For a large number of Americans, every species of spider is worthy of fear. Even if you don’t suffer from
arachnophobia, you can at least understand why so many do. Spiders have eight creepy crawly legs,
fangs, venom, and an abhorrent number of eyes. Despite all these qualities, only a few species the world
over are potentially dangerous to humans. Of these, only two reside naturally in the United States of
America. Widely known as the black widow and brown recluse, they may be small, but their venomous
bite carries within it the power to stop you dead in your tracks. Needless to say, you’ll want keep these
arachnids far away from your West Phoenix property, and the first step toward doing that is knowing
how to identify them.
Where You Might Find The Black Widow Spider
Of the two poisonous spider species in America, the black widow is definitely the more well-
known, primarily due to the archetype of the femme fatale often making reference to the name of
the black widow, or the signature red hourglass symbol from the underside of its abdomen.
Whether outside or in, the black widow prefers to hide away in dark, dry, and shady places such
as corners or crevices in barns, boxes, basements, decks, porches, and patios. On occasion, they
also like to hide amongst wood logs to look for prey.
Despite their predatory association, black widows know their place in the animal kingdom and
the predator/prey hierarchy — that is to say, they don’t go out of their way to attack humans.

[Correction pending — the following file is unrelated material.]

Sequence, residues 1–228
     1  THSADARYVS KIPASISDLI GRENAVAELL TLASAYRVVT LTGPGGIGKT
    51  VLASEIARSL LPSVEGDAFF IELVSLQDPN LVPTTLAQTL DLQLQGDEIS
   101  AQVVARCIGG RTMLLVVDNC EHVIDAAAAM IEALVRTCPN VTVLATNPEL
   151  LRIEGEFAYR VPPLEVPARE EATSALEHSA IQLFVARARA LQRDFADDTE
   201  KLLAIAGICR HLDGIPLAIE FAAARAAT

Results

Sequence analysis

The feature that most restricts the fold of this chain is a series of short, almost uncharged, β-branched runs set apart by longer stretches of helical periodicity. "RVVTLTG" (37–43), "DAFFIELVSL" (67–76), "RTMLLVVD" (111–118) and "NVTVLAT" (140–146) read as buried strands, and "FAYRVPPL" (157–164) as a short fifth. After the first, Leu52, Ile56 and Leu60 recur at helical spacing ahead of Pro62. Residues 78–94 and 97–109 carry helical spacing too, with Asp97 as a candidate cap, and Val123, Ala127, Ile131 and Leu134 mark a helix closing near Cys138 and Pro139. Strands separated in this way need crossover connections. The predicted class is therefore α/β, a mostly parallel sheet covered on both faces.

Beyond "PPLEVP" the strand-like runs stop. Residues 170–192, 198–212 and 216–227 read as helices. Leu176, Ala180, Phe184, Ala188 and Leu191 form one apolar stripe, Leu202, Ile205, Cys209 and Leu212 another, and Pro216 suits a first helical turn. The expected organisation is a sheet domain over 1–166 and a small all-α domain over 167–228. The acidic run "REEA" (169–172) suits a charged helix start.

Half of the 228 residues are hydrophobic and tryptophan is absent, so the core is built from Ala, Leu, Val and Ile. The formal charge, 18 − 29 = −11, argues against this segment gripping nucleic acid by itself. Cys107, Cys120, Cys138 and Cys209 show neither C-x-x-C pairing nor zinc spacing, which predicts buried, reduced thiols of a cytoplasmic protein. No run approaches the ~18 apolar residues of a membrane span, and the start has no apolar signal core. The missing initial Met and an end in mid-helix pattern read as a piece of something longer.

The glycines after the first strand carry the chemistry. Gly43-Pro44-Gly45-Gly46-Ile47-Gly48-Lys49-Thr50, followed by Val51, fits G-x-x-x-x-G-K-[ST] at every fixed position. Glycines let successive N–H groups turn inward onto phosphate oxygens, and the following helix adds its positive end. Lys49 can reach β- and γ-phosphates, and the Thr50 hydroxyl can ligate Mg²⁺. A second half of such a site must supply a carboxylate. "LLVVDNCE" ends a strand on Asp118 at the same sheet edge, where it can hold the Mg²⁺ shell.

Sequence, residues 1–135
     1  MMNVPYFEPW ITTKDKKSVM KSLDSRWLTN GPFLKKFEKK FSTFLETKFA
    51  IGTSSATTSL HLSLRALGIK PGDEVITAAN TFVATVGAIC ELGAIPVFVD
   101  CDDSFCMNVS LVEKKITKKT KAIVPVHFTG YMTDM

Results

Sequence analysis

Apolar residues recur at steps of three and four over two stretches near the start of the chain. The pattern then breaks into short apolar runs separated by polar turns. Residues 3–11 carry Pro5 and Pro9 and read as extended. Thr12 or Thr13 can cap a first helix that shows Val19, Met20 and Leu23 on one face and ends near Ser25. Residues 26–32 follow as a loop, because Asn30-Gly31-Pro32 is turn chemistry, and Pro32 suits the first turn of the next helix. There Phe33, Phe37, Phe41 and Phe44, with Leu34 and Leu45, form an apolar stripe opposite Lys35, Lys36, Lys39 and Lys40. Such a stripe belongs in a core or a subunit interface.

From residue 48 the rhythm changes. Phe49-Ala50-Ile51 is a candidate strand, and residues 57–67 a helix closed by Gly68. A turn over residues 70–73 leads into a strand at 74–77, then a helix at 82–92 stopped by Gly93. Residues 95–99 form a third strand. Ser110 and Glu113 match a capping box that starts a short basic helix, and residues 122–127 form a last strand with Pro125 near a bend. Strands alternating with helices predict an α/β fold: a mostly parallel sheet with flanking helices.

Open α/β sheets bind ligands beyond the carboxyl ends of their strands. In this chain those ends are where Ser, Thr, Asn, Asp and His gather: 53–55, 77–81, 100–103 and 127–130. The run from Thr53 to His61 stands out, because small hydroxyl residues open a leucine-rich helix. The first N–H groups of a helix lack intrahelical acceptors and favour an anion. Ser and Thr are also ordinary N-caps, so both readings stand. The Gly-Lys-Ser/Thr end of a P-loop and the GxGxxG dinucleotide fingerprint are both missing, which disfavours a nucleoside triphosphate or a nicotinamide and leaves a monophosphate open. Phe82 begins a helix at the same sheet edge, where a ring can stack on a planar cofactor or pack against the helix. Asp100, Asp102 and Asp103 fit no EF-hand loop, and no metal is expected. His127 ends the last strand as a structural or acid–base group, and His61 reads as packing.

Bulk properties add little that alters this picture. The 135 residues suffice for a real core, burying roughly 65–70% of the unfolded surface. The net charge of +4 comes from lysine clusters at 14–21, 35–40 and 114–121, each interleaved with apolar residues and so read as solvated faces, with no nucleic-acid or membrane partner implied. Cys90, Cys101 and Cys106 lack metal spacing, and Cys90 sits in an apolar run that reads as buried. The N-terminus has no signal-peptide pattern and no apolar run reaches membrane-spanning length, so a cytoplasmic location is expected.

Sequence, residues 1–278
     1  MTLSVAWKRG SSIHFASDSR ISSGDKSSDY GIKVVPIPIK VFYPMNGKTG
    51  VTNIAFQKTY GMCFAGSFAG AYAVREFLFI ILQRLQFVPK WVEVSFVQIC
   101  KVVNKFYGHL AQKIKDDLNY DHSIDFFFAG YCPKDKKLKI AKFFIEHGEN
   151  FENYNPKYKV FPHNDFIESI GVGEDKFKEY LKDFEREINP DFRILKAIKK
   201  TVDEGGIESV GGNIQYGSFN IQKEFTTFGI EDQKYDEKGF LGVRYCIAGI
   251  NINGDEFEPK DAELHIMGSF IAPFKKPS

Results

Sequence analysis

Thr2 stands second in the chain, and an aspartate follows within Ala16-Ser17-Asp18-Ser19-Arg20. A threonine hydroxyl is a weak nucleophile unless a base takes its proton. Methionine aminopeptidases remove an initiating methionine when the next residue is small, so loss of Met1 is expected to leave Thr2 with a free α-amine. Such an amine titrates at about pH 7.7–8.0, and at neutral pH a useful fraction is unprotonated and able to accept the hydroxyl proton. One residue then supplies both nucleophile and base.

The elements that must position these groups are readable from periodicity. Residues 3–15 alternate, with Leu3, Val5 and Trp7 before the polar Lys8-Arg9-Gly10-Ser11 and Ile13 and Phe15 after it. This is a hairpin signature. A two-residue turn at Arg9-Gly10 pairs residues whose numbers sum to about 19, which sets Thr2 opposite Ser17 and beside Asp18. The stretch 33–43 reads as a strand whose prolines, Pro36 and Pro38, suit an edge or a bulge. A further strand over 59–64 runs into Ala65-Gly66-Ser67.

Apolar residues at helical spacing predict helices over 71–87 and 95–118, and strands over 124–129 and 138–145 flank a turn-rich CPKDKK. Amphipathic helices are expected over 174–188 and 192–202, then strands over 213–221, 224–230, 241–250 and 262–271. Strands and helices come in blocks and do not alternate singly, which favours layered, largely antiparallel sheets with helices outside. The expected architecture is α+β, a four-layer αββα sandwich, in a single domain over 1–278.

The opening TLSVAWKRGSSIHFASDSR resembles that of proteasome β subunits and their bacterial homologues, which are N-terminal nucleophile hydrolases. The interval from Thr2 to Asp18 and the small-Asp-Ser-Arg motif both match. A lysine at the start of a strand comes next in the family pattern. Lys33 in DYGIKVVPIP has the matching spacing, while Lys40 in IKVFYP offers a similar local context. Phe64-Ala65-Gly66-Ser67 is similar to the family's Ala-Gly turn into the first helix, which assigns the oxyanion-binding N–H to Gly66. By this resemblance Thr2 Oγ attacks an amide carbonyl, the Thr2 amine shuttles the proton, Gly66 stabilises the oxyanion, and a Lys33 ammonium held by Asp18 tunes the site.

However, if they feel threatened or attacked, they will use their neurotoxic bite, which can be
even stronger than a rattlesnake's, as a defense mechanism. It is absolutely critical to seek
medical attention immediately if you fear you have been bitten by a black widow.
The Key Identifiers Of The Brown Recluse Spider
Compared to the black widow, the brown recluse is not only lesser-known, but much easier to
misidentify. It has no striking shades of black or red, and no bold, easy-to-identify hourglass
symbol. The closest the recluse does have, perhaps its most defining feature, is a darker, violin-
shaped mark on its underside and a primarily brown body with solid yellow-brown legs.
The brown recluse can be found usually in drier, shady areas. Their favorite locations for
hanging around are typically wooden, but if indoors, cardboard is a commonly substituted
material, followed by the fabrics of certain clothing items or pieces of furniture. Bites from these
creatures, often given when a hiding place is unknowingly disturbed, can be very dangerous. It is
more than likely a bite from a brown recluse will not be fatal, but they are still very painful and
are likely to ulcerate, so if bitten, please do not hesitate to seek medical attention.
Now that you know the differences, be prepared to take the next step. If you have dangerous
spiders like the black widow or brown recluse on your Phoenix property, the experts at
Triton Pest Control are here to help you. Call us today at (623) 745-3111.